Hiking The Loop-8865 blogNear The Start Of The East Fork Trail — Images and Video by kenne

At the fork where Box Camp Canyon merged into Sabino Canyon, six of us opted to take the East Fork to Bear Canyon, the others taking the West Fork to Hutch’s Pool. Once at the saddle between Sabino Canyon and Bear Canyon, we began heading south on the Bear Canyon trail. At this point, most of our hike through Bear Canyon was downhill.

Once we reached Bear Canyon creek, the trail crosses the creek, running parallel to it, veering to the left where the creek runs into Seven Falls. The view above Seven Falls allows one to see all the trail switchbacks that are not visible from where the south part of the Bear Canyon trail leads to Seven Falls.

After hiking down through Bear Canyon, it’s hard to understand why anyone would hike to Thimble Peak through Bear Canyon, rather than coming from the Gordon Hirabayashi Campgrounds. The distance maybe a little less, but the gain would not be worth the elevation change.

The following video contains photos and video clips from the loop hike, November 15, 2013.

kenne

Las Vegas-8899 blogThe Bear Canyon Trail Coming In Next To Seven Falls With Sun Light Peeping Through.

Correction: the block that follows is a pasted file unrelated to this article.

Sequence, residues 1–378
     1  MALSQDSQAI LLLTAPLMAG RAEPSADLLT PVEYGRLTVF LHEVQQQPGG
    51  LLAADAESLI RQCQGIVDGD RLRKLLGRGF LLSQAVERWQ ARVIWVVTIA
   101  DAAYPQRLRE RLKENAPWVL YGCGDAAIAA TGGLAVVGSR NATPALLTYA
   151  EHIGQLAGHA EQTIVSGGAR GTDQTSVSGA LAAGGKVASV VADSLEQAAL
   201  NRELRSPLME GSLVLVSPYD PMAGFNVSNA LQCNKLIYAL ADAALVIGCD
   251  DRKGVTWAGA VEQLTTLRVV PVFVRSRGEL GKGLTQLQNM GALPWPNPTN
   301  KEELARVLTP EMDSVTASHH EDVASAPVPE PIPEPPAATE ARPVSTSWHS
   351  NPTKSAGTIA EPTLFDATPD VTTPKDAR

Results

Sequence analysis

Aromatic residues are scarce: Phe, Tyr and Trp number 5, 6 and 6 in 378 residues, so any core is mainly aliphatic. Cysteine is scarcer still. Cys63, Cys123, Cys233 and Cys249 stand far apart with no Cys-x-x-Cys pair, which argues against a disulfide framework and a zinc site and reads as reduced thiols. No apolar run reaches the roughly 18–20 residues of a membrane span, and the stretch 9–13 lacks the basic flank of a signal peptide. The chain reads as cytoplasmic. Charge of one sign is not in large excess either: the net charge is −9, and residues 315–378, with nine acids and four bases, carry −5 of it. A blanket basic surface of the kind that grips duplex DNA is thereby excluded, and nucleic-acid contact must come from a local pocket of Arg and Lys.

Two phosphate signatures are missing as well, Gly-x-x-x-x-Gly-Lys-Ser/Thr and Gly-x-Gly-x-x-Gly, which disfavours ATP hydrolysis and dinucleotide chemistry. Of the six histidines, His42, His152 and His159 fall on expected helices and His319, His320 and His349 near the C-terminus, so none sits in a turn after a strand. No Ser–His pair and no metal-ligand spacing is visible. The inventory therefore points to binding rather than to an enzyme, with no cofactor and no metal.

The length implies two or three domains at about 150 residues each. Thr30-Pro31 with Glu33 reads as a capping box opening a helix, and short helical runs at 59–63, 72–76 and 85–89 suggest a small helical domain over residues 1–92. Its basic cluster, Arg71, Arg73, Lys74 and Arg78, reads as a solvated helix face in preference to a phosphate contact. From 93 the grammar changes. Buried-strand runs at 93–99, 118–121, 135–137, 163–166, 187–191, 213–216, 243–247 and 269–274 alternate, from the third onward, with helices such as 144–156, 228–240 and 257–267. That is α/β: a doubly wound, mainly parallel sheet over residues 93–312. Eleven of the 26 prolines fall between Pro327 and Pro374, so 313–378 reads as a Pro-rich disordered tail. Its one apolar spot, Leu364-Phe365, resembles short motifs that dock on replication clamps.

Capturing Moments To Remember — Five Naturalists Hike To Thimble Peak   9 comments

Thimble Peak-1 blogPanoramic Image from the Mountain Meadow Below Thimble Peak — Images by kenne

As Sabino Canyon Volunteer Naturalists (SCVN) we spend a lot of time in the Canyon and the Santa Catalina Mountains leading children and adults on outdoor activities. One of the iconic images of the Canyon is Thimble Peak. It can be seen from the Sabino Canyon Recreational Area Center, the tram ride up through the Canyon, Bear Canyon and many of the area’s hiking trails.

One very popular trail is Blackett’s Ridge trail located between Sabino Canyon and Bear Canyon. This difficult hiking trail ends about a mile from Thimble Peak, separated by a deep ravine — “So close, yet so far,” is the thought most people have when reaching the end of the Blackett’s Ridge trail. Serious rock climbers might venture on, but most adventurous hikers look for other options for hiking to this majestic pinnacle.

One option is to hike, or take the tram, up through Sabino Canyon, then taking the Sabino Canyon trail to the East Fork trail, looping around to the Bear Canyon trail.

Another option is to take the Bear Canyon trail out of the Sabino Canyon Recreational Area up through Bear Canyon passed Seven Falls.